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Historical Royal Standards (Thailand)

Last modified: 2007-04-14 by eugene ipavec
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King's Flag 1891-1910

Maharaj Flag or Raromraj-Thawach-Maha-Siamindra Flag / Royal Flag when the King is present

[King's Flag 1891-1910 (Thailand)]
image by Jaume Ollé and Miles Li

From the Singha Beer source:

Raromraj-Thawach-Maha-Siamindra
The "Maharaj" Flag or Royal Flag

This red flag [similar to th-kngnp.gif "Royal Flag when the King is present" but with dark blue instead of light blue] contains a dark blue rectangle, in the middle of which stands the national coat of arms. Above the coat of arms lies the Chakkra – symbol of Chakkri Dynasty – crowned by a trident, while above sits the Greater Crown of the Chakkri Kings.

The coat of arms itself is divided into three sections: the triple-headed white elephant fully-caparisoned against a plain yellow background, symbolizes northern, central, and southern Siam; the white elephant against a pink background represents Laos, while the crossed daggers against a red background symbolize Malaya, with a platform supporting the coat of arms and seven-tiered canopy against a yellow background.

The flag was designed in B.E. 2434 [1891 AD] during the reign of King Rama V. It was flown from the masts of Royal vessels or from the roof of the Royal Palace in Bangkok to indicate that the King was currently in residence. In B.E. 2440 [1897 AD], the flag, known as the "Maharaj" flag, was flown during royal processions or from the masts of Royal vessels or warships whenever His Majesty was on board – a practice that continued until B.E. 2453 [1910 AD].

Santiago Dotor, 27 Oct 1999


Royal Flag when the King is not present 1891-1897

Judhathippatai Flag

[Royal Flag when the King is present (Thailand)]
image by Jaume Ollé

From the Singha Beer source:

The Judhathippatai Flag
The Judhathippatai is a red flag with a beautifully caprisoned triple-headed elephant facint ["facing"?] the flag pole. On its back rests a howdah carrying the Royal Insignia. On the insignia itself one can see the initials "Jor-Por-Ror" – the initials of King Rama V, otherwise known as King Chulalongkorn, while above it stands a Pra Kiew or coronet. At the front and back of the elephant are more items of Royal regalia in the form of two multi-tiered white canopies. [Similar to th-kngpr.gif "Royal Flag when the King is not present" above but with green coloured "multi-tier canopies" and improved detail.]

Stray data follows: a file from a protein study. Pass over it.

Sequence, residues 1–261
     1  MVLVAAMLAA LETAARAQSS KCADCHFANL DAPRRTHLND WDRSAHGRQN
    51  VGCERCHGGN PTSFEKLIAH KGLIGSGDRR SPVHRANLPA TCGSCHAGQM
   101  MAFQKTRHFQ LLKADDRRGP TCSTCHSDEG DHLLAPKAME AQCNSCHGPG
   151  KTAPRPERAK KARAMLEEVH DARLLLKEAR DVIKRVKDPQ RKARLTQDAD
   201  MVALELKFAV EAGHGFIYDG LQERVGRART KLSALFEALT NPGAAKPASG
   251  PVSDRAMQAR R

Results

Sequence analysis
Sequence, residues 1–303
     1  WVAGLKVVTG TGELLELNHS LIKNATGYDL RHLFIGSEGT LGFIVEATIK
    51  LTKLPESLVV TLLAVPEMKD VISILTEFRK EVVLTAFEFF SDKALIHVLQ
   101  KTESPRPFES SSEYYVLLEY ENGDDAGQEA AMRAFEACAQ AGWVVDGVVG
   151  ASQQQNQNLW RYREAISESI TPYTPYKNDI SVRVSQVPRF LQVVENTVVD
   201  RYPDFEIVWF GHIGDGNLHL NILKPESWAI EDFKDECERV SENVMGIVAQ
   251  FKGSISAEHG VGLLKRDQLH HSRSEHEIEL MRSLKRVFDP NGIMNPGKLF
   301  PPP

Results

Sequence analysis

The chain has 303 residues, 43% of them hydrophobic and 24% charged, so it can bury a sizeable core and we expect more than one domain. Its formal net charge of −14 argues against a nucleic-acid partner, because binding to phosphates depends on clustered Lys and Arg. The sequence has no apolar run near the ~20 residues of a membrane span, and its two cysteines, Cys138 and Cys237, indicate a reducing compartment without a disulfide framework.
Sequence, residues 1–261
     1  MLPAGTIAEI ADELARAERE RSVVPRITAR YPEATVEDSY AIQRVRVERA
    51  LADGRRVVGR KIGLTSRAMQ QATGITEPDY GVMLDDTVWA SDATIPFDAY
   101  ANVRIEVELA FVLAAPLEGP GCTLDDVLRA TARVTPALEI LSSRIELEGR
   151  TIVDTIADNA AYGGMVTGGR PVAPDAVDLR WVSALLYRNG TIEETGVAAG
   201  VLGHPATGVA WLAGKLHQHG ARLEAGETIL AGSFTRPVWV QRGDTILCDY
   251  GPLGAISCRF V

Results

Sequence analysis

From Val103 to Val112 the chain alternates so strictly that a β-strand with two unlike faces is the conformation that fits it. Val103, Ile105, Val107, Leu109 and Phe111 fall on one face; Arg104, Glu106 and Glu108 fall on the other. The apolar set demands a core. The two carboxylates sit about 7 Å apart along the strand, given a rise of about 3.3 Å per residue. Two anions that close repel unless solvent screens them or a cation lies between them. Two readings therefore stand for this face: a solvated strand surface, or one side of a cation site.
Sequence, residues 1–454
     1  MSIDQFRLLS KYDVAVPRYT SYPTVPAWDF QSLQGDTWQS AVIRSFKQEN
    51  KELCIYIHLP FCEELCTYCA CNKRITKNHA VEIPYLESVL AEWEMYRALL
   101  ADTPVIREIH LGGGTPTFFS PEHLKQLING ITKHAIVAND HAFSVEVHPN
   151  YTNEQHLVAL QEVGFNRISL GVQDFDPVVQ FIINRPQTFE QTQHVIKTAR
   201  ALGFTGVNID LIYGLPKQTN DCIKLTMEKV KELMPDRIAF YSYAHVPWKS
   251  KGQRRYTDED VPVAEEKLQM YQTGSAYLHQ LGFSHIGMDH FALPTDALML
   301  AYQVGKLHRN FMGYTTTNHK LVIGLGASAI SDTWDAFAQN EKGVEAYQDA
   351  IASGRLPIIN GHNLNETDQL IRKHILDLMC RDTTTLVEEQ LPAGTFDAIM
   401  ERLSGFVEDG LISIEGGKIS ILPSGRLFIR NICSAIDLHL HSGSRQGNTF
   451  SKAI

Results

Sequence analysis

This flag was first used as the national flag in B.E. 2434 [1891 AD] during the reign of King Rama V. Essentially, it replaced Ayyarapot flag created during the reign of King Rama IV and was designed to be flown over the Palace whenever the King was not in residence. It was used as a departmental flag by officers from the Military whenever they were sent on a mission during wartime. The flag, which remained in use right up until B.E.2440 [1897 AD], denoted the presence of the King or was used by officers from the military when lining up on parade to welcome royal dignitaries from abroad. Later, another Ayyarapot flag was created, somewhat similar in appearance to it predecessor, except for the fact that the "howdah" on the elephant's back carried the sacred syllable "Unalome". It was in use until B.E.2453 [1910 AD] when King Rama VI introduced a new Royal flag.

Santiago Dotor, 28 Oct 1999


Queen's Standard 1897-1910

Rachini Flag

[Queen's Standard  1897-1910 (Thailand)]
image by Jaume Ollé and Miles Li

From the Singha Beer source:

Rachini
The Queen's Standard